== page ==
Django (1966) - IMDb
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Django (1966)

Not Rated | | Action, Western | December 1966 (USA)
Trailer
1:18 | Trailer
A coffin-dragging gunslinger and a half-breed prostitute become embroiled in a bitter feud between a Klan of Southern racists and a band of Mexican Revolutionaries.

Director:

Sergio Corbucci

Writers:

Sergio Corbucci (story), Bruno Corbucci (story) | 5 more credits »

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Cast

Complete credited cast:
Franco Nero ... Django
José Bódalo ... Gen. Hugo Rodriguez (as José Bodalo)
Loredana Nusciak ... Maria
Ángel Álvarez ... Nathaniel the Bartender (as Angel Alvarez)
Gino Pernice ... Brother Jonathan (as Jimmy Douglas)
Simón Arriaga Simón Arriaga ... Miguel (as Simon Arriaga)
Giovanni Ivan Scratuglia Giovanni Ivan Scratuglia ... Klan Member (as Ivan Scratuglia)
Remo De Angelis ... Ricardo (as Erik Schippers)
Rafael Albaicín Rafael Albaicín ... Member of Hugo's Gang (as Raphael Albaicin)
José Canalejas ... Member of Hugo's Gang (as José Canalecas)
Eduardo Fajardo ... Major Jackson
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Storyline

Squelching across a God-forsaken ghost town near the US/Mexican border, always dragging a heavy coffin, blue-eyed Django, a drifting, mud-spattered, former Union soldier, saves runaway María from certain death. But, the wooden container with the mysterious content has already caught the attention of the racist ex-Confederate officer, Major Jackson, and his gang of white supremacists, and before long, things get nasty. Now, the guns have the final say, and as if that weren't enough, Jackson's sworn enemy, General Hugo Rodríguez, and his feared revolutionaries, enter the picture, wanting to have a piece of the action. Can Django, the taciturn stranger with the lighting-fast right hand, take on two armies of murderous henchmen, and live to tell the tale? Written by Nick Riganas

Plot Summary | Plot Synopsis

Taglines:

A century ago on the low hills along the border between the southern states and turbulent Mexico, a mystery man appeared... a man with a sad, impenetrable face. Who was that man? What was his secret? See more »

Genres:

Action | Western

Certificate:

Not Rated | See all certifications »

Parents Guide:

View content advisory »
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Did You Know?

Trivia

The title "Django" is a reference to renowned jazz guitarist Django Reinhardt, who had a crippled hand. Viewers at the time would have been aware of this allusion. See more »

Goofs

After Django smacks Ricardo with the butt of his own rifle and throws it back to him, Ricardo angrily readies the rifle with the intention of shooting Django. Although a metallic clicking sound is heard, he is actually shown to be miming the action (presumably by mistake)--his hand is not within the lever. See more »

Quotes

Django: [pulls a blanket from Maria's bed] I'm taking a blanket.
Maria: Thank you.
Django: For what?
Maria: All that you've done for me.
Django: [starts to leave] I didn't do it for you.
Maria: Thank you, even if it wasn't for me.
Django: I don't know... if I should have save you.
Maria: It's not for me to say. But for the first time, I felt like I was a real woman. Someone to protect, and... and to be loved, Django.
Django: [drops the blanket and closes the door] I'm glad I made you feel like a real woman - very glad. I mean that.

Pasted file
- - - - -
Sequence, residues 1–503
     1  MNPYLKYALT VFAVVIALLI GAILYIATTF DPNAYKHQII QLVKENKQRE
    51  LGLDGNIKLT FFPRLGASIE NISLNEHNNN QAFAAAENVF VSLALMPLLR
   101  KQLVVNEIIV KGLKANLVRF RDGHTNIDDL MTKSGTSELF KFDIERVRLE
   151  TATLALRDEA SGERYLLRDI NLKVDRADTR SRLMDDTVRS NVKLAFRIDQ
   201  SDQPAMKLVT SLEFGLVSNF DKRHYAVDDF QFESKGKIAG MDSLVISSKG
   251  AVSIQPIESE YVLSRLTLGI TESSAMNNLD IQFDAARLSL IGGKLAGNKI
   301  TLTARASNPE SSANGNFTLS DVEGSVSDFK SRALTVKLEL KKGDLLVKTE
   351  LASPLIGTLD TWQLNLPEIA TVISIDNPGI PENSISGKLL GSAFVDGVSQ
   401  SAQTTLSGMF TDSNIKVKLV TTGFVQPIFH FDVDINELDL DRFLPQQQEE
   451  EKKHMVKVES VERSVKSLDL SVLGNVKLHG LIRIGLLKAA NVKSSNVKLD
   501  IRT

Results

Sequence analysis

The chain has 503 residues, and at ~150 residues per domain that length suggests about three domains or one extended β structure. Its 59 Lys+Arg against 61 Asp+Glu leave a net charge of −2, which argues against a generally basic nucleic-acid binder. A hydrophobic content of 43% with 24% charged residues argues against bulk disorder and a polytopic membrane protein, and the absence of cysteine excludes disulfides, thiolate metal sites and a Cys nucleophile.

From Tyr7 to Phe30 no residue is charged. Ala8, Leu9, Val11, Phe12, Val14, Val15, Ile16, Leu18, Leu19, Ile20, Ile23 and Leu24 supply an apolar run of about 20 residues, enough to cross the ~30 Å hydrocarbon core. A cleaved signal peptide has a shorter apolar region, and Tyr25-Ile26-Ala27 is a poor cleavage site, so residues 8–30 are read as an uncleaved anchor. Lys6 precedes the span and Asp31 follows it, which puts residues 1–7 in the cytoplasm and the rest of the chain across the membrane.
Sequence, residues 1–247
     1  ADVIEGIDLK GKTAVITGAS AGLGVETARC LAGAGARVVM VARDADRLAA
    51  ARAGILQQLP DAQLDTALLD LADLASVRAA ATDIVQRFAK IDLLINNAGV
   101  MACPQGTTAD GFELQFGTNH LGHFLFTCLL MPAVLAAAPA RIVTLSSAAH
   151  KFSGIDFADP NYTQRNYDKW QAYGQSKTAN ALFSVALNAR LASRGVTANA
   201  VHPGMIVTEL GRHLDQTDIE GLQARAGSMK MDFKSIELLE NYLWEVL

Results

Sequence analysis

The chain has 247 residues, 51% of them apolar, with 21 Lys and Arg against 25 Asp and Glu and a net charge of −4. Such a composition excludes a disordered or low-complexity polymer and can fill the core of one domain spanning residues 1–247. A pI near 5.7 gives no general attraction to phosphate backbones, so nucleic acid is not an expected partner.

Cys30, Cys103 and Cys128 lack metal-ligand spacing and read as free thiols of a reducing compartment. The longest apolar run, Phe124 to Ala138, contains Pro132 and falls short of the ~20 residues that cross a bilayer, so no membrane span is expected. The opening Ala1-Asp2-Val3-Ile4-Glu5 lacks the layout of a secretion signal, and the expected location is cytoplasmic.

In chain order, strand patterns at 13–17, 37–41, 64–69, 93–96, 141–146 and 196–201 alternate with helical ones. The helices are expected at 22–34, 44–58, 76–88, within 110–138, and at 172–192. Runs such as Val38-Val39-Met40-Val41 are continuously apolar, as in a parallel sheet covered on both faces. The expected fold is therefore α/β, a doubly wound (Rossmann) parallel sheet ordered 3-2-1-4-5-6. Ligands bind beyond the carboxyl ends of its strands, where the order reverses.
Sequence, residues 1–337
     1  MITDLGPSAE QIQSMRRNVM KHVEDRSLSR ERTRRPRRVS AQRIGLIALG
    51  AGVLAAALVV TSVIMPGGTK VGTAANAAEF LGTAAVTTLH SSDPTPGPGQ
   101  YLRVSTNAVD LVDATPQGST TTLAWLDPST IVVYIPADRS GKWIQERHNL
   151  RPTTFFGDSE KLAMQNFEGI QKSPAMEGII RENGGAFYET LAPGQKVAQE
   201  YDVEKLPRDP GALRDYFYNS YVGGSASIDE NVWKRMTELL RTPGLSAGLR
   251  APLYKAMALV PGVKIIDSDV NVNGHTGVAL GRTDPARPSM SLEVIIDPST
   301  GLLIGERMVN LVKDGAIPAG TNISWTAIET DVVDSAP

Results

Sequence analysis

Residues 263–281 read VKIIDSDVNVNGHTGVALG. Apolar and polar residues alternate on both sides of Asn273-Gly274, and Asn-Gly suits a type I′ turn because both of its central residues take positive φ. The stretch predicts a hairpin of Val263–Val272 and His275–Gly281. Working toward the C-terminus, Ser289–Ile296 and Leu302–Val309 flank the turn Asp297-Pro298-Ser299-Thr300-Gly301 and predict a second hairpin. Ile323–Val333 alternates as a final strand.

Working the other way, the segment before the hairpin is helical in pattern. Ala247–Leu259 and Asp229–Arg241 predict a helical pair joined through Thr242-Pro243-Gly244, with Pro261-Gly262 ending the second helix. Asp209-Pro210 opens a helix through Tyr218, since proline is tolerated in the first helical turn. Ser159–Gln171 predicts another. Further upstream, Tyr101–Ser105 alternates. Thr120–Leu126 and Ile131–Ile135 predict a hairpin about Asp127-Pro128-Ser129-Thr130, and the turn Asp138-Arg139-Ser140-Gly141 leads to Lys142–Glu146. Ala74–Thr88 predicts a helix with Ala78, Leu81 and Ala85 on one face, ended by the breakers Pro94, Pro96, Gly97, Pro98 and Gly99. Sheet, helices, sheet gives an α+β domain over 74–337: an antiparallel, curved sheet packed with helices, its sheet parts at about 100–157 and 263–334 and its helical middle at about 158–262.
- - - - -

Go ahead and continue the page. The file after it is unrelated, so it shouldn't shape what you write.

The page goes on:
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Alternate Versions

Restored version by Blue Underground includes restored scenes not found on previous releases. See more »

Connections

Referenced in Django the Bastard (1969) See more »

Soundtracks

Django (theme)
Lyrics by Franco Migliacci (as Migliacci) and Robert Mellin (uncredited)
Composed by Luis Bacalov (as Enriquez)
Conducted by Bruno Nicolai (uncredited)
Performed by Rocky Roberts
Published by General Music [it]
See more »

User Reviews

"DJANGOOOOO!"
11 September 2000 | by QKnownSee all my reviews

If you've already seen Leone's FISTFULL OF DOLLARS a million times like I have, then you might be a little dissapointed when watching this one, since it's basically the same thing. Only difference here is that there's a little bit of gore which can upset a few people. And the dubbing is pretty awful, It sounds like the same guy who voices over 3 other characters in the film.

I could go on about some other distractions, but I'm not here to pan this flick.As a matter of fact, I LIKE IT! You have to realize that this film was a stepping-stone for the action genre that has continued to this day. So give credit where credit is due!

Perhaps my favorite part of the film is the opener, Django himself, walking (What? No horse?) through a dark,cold,muddy world, dragging his good ol' mysterious coffin and being accompanied by the music of the title song (A catchy tune which sounds like a combination of Elvis and the Moody Blues).

What follows next is common in "Spaghetti-land", so If you love these films or have never seen any, be obliged to take a peek at this flick.


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Details

Country:

Italy | Spain

Language:

Italian

Release Date:

December 1966 (USA) See more »

Also Known As:

Jango See more »

Filming Locations:

Elios Film, Rome, Lazio, Italy See more »

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Box Office

Opening Weekend USA:

$6,150, 23 December 2012

Gross USA:

$25,916

Cumulative Worldwide Gross:

$25,916
See more on IMDbPro »

Company Credits

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Technical Specs

Runtime:

| (censored) | (censored)

Sound Mix:

Mono

Color:

Color (Eastmancolor) (uncredited)

Aspect Ratio:

1.66 : 1
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